Although neoliberalism and communism are portrayed so differently, and the proponents of the theories do differ greatly, I want to present this idea: that both ideologies are just two different tools for the same purpose - a way for establishing a monopoly upon the means of production. The monopoly can either occur from complete state regulation and ownership, or it can occur from removing all constraints upon corporations, which can establish cartels and bully others out of the market. However you may want your monopoly served, public (government-run) or private (corporate-run), it is all coming from the same kitchen. For example; Communism was a theory supported by many of the powers-that-be in the early twentieth century. Look into Norman Dodd; The Secrets of the Federal Reserve, available upon the internet. These backers of Communism and corporatism obviously had motive: these political-economic philosophies established a means for monopoly.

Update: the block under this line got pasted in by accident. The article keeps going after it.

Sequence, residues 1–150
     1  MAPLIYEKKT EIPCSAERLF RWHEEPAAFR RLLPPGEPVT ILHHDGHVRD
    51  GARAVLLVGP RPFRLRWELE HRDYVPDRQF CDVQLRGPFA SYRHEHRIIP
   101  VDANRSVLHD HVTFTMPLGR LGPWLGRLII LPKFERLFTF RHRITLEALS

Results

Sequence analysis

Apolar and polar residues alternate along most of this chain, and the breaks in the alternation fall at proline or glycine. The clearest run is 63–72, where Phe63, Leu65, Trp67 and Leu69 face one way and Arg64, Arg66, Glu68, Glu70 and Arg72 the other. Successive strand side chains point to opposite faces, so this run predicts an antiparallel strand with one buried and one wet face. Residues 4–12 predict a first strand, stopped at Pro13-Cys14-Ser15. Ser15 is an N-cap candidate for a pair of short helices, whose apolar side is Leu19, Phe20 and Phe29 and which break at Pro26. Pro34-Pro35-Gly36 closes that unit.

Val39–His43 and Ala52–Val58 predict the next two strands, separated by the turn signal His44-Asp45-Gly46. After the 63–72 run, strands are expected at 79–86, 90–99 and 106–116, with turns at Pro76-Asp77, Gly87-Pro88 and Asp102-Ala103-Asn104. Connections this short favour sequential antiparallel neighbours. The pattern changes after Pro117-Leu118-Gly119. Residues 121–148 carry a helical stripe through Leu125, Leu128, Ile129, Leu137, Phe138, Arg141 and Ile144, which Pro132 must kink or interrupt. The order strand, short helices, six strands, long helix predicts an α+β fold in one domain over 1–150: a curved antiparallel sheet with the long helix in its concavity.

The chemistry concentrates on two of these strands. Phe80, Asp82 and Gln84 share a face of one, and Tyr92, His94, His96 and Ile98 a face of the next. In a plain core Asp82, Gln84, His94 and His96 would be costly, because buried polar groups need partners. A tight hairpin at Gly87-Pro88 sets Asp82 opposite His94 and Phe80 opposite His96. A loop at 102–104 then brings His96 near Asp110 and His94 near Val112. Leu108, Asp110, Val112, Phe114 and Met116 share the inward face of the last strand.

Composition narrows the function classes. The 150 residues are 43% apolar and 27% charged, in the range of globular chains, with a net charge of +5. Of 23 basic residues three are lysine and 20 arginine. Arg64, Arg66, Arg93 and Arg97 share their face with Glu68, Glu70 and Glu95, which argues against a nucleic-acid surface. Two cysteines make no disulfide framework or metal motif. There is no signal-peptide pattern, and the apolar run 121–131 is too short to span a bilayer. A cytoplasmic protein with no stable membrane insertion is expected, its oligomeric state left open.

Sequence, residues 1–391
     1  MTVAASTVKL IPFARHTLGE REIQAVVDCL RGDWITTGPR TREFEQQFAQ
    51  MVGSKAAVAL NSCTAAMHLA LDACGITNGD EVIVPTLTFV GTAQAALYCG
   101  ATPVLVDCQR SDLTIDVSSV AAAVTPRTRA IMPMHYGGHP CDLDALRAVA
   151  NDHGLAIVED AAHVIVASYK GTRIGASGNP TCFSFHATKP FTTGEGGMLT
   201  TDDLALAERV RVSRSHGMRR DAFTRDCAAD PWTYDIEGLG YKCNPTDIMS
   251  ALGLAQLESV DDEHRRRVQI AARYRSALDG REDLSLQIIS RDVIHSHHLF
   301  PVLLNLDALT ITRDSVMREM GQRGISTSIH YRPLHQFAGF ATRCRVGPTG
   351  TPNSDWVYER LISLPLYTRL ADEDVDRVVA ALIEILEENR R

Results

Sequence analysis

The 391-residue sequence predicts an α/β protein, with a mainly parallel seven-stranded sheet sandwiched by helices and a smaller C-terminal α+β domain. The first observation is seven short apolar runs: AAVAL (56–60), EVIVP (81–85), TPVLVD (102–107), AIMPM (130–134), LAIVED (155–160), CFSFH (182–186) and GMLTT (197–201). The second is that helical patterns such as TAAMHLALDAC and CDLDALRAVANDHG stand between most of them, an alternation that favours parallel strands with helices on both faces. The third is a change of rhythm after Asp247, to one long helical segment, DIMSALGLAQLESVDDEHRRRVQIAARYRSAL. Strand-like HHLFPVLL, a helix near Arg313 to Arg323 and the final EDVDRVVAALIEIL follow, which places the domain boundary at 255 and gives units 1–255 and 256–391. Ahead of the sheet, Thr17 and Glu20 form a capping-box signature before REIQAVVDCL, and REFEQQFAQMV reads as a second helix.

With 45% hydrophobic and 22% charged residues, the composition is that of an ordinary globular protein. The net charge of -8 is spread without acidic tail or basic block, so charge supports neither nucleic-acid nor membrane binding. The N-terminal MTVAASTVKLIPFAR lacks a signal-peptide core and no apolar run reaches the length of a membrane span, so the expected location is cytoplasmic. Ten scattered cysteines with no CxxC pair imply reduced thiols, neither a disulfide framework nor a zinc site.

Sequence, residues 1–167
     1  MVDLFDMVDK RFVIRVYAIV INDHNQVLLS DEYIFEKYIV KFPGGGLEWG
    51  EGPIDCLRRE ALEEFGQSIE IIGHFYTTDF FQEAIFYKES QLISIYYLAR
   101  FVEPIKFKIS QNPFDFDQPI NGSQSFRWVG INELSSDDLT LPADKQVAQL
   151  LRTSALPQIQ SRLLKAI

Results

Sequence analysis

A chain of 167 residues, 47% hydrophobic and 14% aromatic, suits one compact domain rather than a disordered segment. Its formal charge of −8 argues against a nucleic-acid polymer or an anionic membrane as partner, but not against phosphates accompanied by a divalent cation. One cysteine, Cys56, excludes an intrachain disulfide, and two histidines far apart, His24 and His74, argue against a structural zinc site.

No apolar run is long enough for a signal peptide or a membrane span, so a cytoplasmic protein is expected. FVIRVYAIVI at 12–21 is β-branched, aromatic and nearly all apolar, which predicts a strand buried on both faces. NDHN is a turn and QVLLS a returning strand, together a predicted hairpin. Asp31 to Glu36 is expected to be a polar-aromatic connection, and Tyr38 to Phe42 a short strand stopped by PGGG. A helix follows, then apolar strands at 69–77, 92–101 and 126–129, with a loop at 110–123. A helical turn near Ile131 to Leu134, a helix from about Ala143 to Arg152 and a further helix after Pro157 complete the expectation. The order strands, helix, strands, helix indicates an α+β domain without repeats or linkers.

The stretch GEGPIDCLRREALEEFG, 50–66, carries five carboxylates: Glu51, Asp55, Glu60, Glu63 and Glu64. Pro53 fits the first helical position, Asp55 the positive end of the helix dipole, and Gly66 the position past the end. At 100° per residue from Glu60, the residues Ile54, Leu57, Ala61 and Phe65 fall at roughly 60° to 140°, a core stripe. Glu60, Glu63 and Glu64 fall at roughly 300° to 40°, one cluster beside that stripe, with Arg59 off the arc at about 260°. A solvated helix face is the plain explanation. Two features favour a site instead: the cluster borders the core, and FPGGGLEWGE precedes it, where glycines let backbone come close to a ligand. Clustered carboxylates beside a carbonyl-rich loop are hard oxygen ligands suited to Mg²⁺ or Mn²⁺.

Then in the 1980s, extremist laissez-faire economics began to reach the masses in the form of Thatcherism and Reaganomics. Both subscribed to the theories of Milton Friedman – or, at least, they subscribed to the parts that interested them and their benefactors. Check out the Liberalization and Trade in Services (LOTIS) committee, for example. You will see Goldman Sachs, the Rothschilds, the Bank of England, USB Warburg, Morgan Stanley – and even Reuters. Many of the names you see above were involved in the creation of the Third Central Bank of the United States–I mean, the Federal Reserve System. Why would these financial and business elite switch sides all of a sudden? Maybe because they’ve been on one side the whole time: their side. They don’t have a problem with theory of neoliberalism, and in fact, they like it; but just like communism, the application of that theory must conform to their wishes. More clearly, the current neoliberalism isn’t as it was truly intended, just as past Communism wasn’t as Marx truly intended.

I think Lawrence Kudlow best sums up this relationship of corporate neoliberalism and Soviet collectivism, as well as the goals of both ideology's supporters: “IMF statism is no better than Soviet statism."